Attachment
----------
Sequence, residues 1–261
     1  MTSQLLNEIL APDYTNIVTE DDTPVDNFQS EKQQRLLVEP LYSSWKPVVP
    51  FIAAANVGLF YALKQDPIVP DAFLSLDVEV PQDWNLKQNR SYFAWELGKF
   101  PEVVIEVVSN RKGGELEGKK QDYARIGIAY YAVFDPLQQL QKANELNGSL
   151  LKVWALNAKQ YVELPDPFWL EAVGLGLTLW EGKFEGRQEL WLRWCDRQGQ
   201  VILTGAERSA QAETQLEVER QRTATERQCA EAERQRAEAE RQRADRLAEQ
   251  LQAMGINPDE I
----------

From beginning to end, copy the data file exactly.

Sequence, residues 1–261
     1  MTSQLLNEIL APDYTNIVTE DDTPVDNFQS EKQQRLLVEP LYSSWKPVVP
    51  FIAAANVGLF YALKQDPIVP DAFLSLDVEV PQDWNLKQNR SYFAWELGKF
   101  PEVVIEVVSN RKGGELEGKK QDYARIGIAY YAVFDPLQQL QKANELNGSL
   151  LKVWALNAKQ YVELPDPFWL EAVGLGLTLW EGKFEGRQEL WLRWCDRQGQ
   201  VILTGAERSA QAETQLEVER QRTATERQCA EAERQRAEAE RQRADRLAEQ
   251  LQAMGINPDE I